The investigators found that the single-hop-for-distance limb symmetry index value, with a cutoff point of 75.4%, and the ACL-RSI, with a cutoff point of 51.3 points, had sensitivities of 0.74 and 0.97, respectively, and specificities of 0.88 and 0.63, respectively, for predicting which patients would fall into the RS or nRS group.
A study by Villa et al found that the following factors had a positive influence on recovery in patients following ACL reconstruction: age younger than 20 years, a higher preinjury Tegner activity scale score, professional-level sports practice, an absence of concurrent capsular lesions and of postoperative knee bracing, a higher percentage of on-field rehabilitation sessions during patients’ customized rehabilitation protocol, and a deficit in knee flexor and extensor strength of less than 20% at the first isokinetic knee test.
In anterior cruciate ligament injury cases, presurgical consultations with other services generally are needed only in connection with surgical clearance. After surgery, it is important to consult with a specialist in physical medicine and rehabilitation (PMR) for initiation of a program to facilitate the patient's rehabilitation.
Some patients, especially those who are minimally involved in sports, elect not to have surgery and instead choose bracing. Several custom and off-the-shelf, anterior cruciate ligament–specific braces are available. For patients who are involved in vigorous sports, the use of braces without surgical stabilization is not recommended.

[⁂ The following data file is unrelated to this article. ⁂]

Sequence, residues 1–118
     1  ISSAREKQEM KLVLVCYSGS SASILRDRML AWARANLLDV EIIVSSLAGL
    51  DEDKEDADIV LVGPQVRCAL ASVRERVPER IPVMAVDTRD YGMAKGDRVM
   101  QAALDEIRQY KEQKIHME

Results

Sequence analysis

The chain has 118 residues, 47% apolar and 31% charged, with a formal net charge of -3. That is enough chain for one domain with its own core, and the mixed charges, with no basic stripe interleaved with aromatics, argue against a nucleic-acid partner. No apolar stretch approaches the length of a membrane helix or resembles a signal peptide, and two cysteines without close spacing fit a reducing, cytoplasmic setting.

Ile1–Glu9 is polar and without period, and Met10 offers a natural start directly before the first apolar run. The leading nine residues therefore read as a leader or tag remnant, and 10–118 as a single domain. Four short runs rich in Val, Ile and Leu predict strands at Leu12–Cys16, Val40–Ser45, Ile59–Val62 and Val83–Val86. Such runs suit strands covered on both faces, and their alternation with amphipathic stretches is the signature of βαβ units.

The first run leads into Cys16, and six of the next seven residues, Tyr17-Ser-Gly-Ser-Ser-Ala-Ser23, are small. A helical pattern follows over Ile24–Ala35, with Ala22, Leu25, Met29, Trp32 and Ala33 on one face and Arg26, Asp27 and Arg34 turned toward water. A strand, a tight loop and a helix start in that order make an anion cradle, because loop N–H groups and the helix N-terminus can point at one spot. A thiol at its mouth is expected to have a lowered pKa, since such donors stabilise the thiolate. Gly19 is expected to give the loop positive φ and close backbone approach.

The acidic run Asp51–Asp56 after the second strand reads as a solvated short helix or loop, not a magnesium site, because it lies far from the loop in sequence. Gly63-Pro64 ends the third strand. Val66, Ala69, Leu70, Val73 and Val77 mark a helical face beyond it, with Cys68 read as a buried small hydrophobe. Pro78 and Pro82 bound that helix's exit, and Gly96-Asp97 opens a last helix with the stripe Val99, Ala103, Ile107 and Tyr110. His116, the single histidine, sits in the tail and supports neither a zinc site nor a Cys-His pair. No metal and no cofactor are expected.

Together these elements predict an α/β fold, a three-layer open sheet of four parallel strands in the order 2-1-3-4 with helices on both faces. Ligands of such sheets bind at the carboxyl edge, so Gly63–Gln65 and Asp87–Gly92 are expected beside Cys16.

Sanders TL, Maradit Kremers H, Bryan AJ, et al. Incidence of Anterior Cruciate Ligament Tears and Reconstruction: A 21-Year Population-Based Study. Am J Sports Med. 2016 Feb 26. [Medline].
Arendt E, Dick R. Knee injury patterns among men and women in collegiate basketball and soccer. NCAA data and review of literature. Am J Sports Med. 1995 Nov-Dec. 23(6):694-701. [Medline].
Hutchinson MR, Ireland ML. Knee injuries in female athletes. Sports Med. 1995 Apr. 19(4):288-302. [Medline].
Nagano Y, Ida H, Akai M, et al. Biomechanical characteristics of the knee joint in female athletes during tasks associated with anterior cruciate ligament injury. Knee. 2008 Dec 23. [Medline].